a nuclear weapon . . . everything". What that means is unclear.

Such belligerence may be required of those running for office, and Obama's
statements on foreign policy have sometimes seemed uncertain, but his
awareness of the need for a course correction is unmistakable. If president,
he must preside over what may seem an American retreat, though, as Nixon
found in Vietnam, ending an unwanted war need not be unpopular. What is
clear is that he and McCain know that until withdrawal is achieved, global
consent to America's world leadership will be on hold.

In other words, military disengagement is becoming conventional wisdom. For
all the bold words on Iran, any further entanglement could hardly be less
fashionable in Washington.

So where does that leave our old friend, humanitarian intervention? The
concept was certainly oversold. In Lebanon, Kosovo, Somalia and Haiti it was
heavily media-inspired and left the underlying cause of catastrophe
unresolved. It failed the Kantian test of moral deterrence, that it must be
seen as universally applicable. The West simply cannot appear with guns at
the ready at every scene of human tragedy. As for deterrence, that has
always been a game for armchair strategists. Did Kosovo deter the Burmese
generals, or Lebanon the Somalian warlords?

It may be that there is nothing we can do about the horrors of Darfur, Burma
or Zimbabwe, or nothing that could make their plight any better. It may
indeed be wiser to sit on our hands and leave it to our leaders to emit
occasional howls of impotent contempt, like the Foreign Office's
postimperial lament that some or other part of the world is "unacceptable".

Yet I am sure that the concept of humanitarian intervention, however
limited, was sound. Willing coalitions should be able to enforce the relief
of suffering where relief is feasible, as was surely the case in Burma. For
the time being, the blood-soaked gutters of Baghdad and the poppy fields of
Helmand have taken their toll. They have rendered the entire concept of
intervention defunct. It will take decades to recover.

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Raila defends his stand on Zimbabwe

Sunday Nation, Kenya

Publication Date: 6/8/2008 Prime Minister Raila Odinga on Saturday stood by
his criticism of African leaders and their silence on Zimbabwean President
Robert Mugabe, saying that was his personal view.

The PM, who arrived from an official trip to South Africa, said the
government had yet to take a position because the issue had not been
discussed by the Cabinet.

Said Mr Odinga: "What I said was personal and does not reflect the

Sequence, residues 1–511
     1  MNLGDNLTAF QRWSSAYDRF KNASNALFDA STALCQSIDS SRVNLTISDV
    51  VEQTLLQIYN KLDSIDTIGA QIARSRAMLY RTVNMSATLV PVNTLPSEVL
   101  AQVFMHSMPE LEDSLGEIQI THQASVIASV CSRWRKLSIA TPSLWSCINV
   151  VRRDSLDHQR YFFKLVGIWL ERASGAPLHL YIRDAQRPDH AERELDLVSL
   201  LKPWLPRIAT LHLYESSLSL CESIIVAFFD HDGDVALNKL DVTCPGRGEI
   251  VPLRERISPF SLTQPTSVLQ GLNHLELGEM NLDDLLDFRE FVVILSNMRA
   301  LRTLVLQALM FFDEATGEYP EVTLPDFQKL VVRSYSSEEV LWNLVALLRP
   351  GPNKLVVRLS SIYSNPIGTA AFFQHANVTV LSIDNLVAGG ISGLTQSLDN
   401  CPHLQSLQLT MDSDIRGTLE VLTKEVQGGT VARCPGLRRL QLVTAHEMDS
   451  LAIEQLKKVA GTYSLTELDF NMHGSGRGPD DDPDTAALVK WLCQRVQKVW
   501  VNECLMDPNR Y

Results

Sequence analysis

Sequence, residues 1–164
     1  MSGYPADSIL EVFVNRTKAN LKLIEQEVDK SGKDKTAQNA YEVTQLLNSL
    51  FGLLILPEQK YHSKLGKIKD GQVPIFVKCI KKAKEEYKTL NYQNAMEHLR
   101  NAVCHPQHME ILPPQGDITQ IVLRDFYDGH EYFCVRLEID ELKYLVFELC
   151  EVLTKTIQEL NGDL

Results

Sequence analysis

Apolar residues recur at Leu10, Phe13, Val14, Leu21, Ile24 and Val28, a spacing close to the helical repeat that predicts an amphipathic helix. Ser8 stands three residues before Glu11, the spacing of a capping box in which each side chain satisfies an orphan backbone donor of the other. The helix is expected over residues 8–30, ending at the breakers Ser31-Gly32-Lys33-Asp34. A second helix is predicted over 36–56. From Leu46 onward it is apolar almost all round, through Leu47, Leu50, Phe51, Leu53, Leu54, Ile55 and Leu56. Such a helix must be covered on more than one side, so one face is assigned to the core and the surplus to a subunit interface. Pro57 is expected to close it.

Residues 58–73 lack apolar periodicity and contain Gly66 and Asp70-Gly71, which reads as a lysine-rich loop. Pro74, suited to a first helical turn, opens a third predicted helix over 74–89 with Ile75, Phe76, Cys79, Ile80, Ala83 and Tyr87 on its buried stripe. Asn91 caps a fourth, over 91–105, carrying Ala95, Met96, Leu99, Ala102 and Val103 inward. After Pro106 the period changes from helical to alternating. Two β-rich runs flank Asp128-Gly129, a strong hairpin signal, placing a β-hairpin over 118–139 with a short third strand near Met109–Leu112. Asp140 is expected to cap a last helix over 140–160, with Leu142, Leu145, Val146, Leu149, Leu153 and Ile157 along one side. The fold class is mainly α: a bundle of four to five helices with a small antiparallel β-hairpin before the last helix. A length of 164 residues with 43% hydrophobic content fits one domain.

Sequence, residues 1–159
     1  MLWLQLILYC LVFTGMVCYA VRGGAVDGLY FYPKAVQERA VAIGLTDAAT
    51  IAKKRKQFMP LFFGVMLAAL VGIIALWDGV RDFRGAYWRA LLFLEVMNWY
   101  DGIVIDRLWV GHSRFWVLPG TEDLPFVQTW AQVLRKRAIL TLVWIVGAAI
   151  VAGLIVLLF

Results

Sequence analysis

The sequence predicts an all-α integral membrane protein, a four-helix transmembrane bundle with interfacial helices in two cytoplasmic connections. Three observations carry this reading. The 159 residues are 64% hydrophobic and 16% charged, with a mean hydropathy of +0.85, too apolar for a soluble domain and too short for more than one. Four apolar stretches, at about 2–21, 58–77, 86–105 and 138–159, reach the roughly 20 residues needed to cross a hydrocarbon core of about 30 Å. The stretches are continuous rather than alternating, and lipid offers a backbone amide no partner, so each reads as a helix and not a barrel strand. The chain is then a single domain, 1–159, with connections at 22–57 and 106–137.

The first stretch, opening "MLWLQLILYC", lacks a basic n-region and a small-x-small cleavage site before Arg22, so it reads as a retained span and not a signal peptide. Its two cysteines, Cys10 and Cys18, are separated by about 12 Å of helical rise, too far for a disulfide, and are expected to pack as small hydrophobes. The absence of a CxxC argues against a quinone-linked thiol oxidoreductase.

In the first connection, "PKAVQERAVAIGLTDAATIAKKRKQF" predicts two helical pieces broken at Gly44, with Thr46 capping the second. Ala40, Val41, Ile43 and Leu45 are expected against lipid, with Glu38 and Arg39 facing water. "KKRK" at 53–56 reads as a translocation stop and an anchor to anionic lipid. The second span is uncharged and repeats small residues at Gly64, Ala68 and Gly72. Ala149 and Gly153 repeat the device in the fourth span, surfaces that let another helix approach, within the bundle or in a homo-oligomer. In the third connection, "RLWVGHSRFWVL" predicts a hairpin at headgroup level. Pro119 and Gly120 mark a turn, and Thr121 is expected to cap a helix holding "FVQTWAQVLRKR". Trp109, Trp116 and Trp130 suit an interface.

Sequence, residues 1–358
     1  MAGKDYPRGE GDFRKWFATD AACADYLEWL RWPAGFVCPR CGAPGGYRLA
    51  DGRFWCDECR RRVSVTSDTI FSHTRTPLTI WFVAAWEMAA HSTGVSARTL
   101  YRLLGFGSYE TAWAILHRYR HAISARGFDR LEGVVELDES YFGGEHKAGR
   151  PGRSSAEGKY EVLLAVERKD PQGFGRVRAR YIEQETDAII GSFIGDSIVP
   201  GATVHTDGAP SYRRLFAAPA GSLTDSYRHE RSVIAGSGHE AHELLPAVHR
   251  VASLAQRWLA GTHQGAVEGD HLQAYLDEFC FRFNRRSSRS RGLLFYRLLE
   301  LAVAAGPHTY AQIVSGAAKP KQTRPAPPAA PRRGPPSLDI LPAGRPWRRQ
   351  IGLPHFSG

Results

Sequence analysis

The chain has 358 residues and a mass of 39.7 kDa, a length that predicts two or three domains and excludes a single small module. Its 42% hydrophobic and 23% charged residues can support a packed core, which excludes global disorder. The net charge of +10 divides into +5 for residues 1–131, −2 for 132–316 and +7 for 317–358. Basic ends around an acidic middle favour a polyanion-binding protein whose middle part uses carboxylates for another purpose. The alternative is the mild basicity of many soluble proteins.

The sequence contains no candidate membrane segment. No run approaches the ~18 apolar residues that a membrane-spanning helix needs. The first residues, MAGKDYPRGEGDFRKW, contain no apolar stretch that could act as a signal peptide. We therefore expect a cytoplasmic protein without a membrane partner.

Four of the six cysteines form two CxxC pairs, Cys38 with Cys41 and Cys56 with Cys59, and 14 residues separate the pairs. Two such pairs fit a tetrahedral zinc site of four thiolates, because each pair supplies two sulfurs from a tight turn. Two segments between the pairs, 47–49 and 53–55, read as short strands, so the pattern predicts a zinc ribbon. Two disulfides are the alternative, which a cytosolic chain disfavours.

position of the government."

The PM made the controversial statement early this week while
addressing the World Economic Forum in Cape Town, South Africa. He publicly
criticised African leaders for their handling of the Zimbabwean electoral
crisis. The country will be going for a run-off  in the next three weeks.

Mr Odinga had taken issue with the leaders' hands-off approach, saying
this had exacerbated the situation in that country and may have contributed
to the recent xenophobic attacks in South Africa.

''It is a grave indictment on our leadership that an African country
can hold elections and fail to announce results for one month yet no country
raises a finger. We must learnt to own our problems and take
 responsibility," Mr Odinga had said.

"How do you conduct a re-run when you do not even have the results?"
the PM asked. The run-off will be between President Mugabe and opposition
leader Morgan Tsvangirai of the Movement for Democratic Change (MDC).

It is estimated that South Africa hosts over five million Zimbabweans,
most of them fleeing the hyperinflation that has visited their country
during Mr Mugabe's reign. They were some of the targets of the recent
xenophobic attacks in South Africa.

The Heads of State and Government were Mr Thabo Mbeki of South Africa,
Mr John Kufuor of Ghana, Dr Bingu wa Mutharika of Malawi and Burundi's
Pierre Nkurunziza.

Mr Odinga, who is the ODM leader, repeated his statement on Mr Mugabe
saying the era of civil wars in Africa was no more.

"Why should it be that an election is held and results released after
one month? Is this democracy?" the PM asked, and regretted that the
opposition and the media in Zimbabwe were continually harassed, yet the
country was preparing for a run-off poll.

Mr Odinga, who was addressing the media at the Jomo Kenyatta
International Airport soon after his arrival, challenged African leaders to
discuss African issues frankly and openly. He said that most of the current
crop of African leaders was forward looking.

At the same time, the Prime Minister  announced that the 2010 World
Economic Forum would be held in Nairobi for the first time as per his
request to the organisers. Next year's Forum will be held in South Africa.

The Prime Minister had led a high-powered Kenyan delegation to the
three-day World Economic Forum on Africa. He was accompanied by ministers
Mutula Kilonzo (Nairobi Metropolitan Development); Samuel Poghisio
(Information and Communications), Kipkalya Kones  (Roads) and Najib Balala